Ripe enough to list on the ASX: Voltaic Strategic Resources has a rare dish waiting in the Gascoyne region
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Ahead of its upcoming ASX relisting, WA-based Voltaic Strategic Resources has discovered it may already host an exciting and previously undiscovered rare earths corridor.
WA’s vast Gascoyne region is known for everything big – from whale sharks to banana plantations – but if Voltaic Strategic Resources is right on the money soon the Gascoyne will be synonymous with big rare earths.
Voltaic (proposed ASX:VSR) will be the latest rare earths/lithium entrant into the Gascoyne when its proposed relisting from the shell of Eon NRG comes to fruition at the end of July.
And judging from what the neighbourhood is up to, it could not have timed its arrival much better.
The company will list with a host of highly prospective battery metals projects in the region, at a time when Hastings Technology Metals (ASX:HAS) is pushing closer to becoming the nation’s next rare earths producer at its nearby Yangibana project on the back of huge Australian Government funding.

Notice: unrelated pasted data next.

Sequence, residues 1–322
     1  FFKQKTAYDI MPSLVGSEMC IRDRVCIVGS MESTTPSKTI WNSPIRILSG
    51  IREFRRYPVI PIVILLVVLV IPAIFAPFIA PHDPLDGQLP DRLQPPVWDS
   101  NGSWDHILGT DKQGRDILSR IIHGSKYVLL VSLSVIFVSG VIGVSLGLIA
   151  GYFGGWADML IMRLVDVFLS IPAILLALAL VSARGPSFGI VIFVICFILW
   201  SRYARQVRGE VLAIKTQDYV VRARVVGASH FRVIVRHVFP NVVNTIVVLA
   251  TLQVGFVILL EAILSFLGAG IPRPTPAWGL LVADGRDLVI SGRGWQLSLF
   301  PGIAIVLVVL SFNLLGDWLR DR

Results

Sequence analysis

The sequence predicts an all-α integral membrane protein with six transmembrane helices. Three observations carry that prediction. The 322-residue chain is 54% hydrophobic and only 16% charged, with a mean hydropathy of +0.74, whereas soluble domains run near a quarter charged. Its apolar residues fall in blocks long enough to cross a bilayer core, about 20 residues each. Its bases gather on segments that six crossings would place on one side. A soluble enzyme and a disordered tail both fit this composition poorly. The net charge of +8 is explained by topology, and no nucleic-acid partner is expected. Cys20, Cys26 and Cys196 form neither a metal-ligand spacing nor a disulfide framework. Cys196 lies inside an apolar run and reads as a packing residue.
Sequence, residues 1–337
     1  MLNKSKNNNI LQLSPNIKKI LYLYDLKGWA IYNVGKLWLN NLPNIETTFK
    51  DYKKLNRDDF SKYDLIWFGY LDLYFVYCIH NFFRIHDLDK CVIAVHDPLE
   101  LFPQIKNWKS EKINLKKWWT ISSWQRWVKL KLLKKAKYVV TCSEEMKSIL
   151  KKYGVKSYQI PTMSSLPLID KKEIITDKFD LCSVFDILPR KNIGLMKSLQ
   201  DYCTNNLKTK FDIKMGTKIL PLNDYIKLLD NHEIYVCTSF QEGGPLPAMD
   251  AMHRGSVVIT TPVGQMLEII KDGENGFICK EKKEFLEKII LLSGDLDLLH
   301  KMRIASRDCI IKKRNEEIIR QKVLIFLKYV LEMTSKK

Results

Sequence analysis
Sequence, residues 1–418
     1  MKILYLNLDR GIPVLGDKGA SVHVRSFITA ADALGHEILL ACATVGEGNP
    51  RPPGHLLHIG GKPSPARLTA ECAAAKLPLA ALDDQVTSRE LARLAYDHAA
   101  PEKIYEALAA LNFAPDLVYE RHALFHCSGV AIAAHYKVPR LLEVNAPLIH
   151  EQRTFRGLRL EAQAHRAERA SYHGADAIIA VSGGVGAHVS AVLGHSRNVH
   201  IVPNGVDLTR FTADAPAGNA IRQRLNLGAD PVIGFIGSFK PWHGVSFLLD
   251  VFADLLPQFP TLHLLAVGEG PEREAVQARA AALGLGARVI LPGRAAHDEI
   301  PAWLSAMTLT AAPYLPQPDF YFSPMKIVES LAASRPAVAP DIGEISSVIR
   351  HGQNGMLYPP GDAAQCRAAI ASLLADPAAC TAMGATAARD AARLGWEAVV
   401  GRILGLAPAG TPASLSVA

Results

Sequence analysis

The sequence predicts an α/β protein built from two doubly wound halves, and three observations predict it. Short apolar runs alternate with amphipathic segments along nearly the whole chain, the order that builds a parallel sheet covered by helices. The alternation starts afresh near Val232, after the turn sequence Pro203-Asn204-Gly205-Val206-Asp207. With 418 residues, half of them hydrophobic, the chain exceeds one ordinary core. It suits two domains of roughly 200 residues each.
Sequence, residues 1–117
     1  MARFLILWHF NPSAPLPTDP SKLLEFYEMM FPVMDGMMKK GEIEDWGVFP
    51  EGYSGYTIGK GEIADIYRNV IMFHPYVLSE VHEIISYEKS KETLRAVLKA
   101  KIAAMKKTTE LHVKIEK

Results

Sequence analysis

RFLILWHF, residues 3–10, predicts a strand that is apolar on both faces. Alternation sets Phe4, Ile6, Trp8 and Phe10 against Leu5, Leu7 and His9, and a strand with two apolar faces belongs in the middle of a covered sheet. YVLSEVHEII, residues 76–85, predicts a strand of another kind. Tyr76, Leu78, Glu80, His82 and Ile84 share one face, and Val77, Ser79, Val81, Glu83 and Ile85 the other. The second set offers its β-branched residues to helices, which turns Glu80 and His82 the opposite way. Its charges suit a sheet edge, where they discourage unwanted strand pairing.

Following in Hastings’ footsteps are a suite of earlier-stage rare earths explorers doing big things – including Dreadnought Resources (ASX:DRE), Frontier Resources (ASX:FNT) and Kingfisher Mining (ASX:KFM).
The latter of that trio last week released results from its MW2 target, located along a 54km corridor associated with the rare earths-rich Chalba Shear Zone, which it said pointed to “the emergence of an exciting and previously unrecognised REE region”.
Why does that matter for Voltaic? The Chalba Shear Zone extends directly into its Paddy’s Well/West Well battery metals project area.
Kingfisher reported one interval as high as 7.13% total rare earth oxides at MW2, and currently has rigs back on the ground.
Inbound CEO Michael Walshe told Stockhead on the back of Hastings’ Yangibana production progress, his company believes there is a significant opportunity for all explorers in the region to capitalise on what could be a new Australian mineral province.
“Now it’s established that there will be a rare earths project there, all the players in the region – those like Dreadnought, Frontier or Kingfisher or ourselves – if we find any significant deposits we won’t have to build our own processing plant at a huge cost,” he said.